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By Megan Graham

  • Expedia Group chairman Barry Diller said the company will slash ad spending this year, joining a chorus of advertisers that are putting campaigns on hold or cancelling spend altogether.

  • “At Expedia, for instance, we spend $5 billion a year on advertising. We won’t spend $1 billion on advertising probably this year,” Diller said on CNBC’s Squawk Box Thursday morning.

  • Shares in Expedia Group, whose brands include Expedia, Hotels.com, Trivago, Orbitz and more, were down 1% Thursday morning in pre-market trading.

Expedia Group chairman and senior executive Barry Diller told CNBC’s Squawk Box on Thursday morning that Expedia will slash ad spending this year, joining a chorus of advertisers that are putting campaigns on hold or cancelling spend altogether.

“At Expedia, for instance, we spend $5 billion a year on advertising. We won’t spend $1 billion on advertising probably this year,” Diller said. “You just rip that across everything.” He noted that advertising spend across the board would be hit in the second quarter.

Advertisers have pulled back significantly because of budget uncertainty in the months ahead. Companies in the travel space, for example, have little reason to buy ads when much of the globe is under stay-at-home orders.

Shares in Expedia Group, whose brands include Expedia, Hotels.com, Trivago, Orbitz and more, were down roughly 1% Thursday morning.

Expedia Group and its peers, like Booking Holdings, spend heavily on Google, since so many travelers search for trips with terms like “flight to London” or “hotel in San Francisco.” On the company’s February fourth-quarter earnings call, Diller mentioned Expedia is one of Google’s biggest advertisers and that Expedia is trying to move away from its “reliance on Google and Metasearch” to grow more direct relationships with its customers.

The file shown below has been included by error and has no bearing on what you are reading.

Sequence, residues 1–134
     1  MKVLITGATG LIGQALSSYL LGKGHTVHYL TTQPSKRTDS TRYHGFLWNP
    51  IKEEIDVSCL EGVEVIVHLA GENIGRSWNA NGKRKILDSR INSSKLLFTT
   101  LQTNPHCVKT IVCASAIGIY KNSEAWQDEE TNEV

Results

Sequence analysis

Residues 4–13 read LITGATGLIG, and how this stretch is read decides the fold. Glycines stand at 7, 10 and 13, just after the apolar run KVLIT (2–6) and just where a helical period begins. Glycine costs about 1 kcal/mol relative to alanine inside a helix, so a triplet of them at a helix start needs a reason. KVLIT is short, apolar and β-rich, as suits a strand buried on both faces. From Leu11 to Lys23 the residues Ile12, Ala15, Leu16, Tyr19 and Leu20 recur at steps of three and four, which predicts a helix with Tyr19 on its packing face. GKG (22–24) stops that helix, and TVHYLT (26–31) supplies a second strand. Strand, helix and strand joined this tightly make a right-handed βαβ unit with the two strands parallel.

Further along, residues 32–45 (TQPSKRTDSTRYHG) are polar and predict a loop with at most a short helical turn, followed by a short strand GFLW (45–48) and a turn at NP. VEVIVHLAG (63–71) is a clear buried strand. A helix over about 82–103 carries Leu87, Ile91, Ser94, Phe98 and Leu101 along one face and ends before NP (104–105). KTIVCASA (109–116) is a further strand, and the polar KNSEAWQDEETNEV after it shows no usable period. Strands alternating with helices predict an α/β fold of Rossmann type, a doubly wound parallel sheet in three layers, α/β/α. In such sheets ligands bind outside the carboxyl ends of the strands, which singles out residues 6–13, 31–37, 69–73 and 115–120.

That came after shares of Expedia reached new year-to-date lows in November when the company said changes in Google’s search algorithm has lessened its visibility on search results, resulting in a heavier reliance on paid advertising.

MediaRadar in a March research report called the deceleration in ad spend in the travel industry “like a car hitting the brakes in advance of an oncoming accident.”

In a survey last month, the Interactive Advertising Bureau surveyed nearly 400 media planners, buyers and brands responsible for U.S. ad spend, and found that 74% of them believe the coronavirus will have a greater impact on ad spend in the country than the 2008-09 financial crisis. Nearly a quarter of respondents said they have paused all ad spend for the rest of the first and second financial quarters.

By Megan Graham

Sourced from CNBC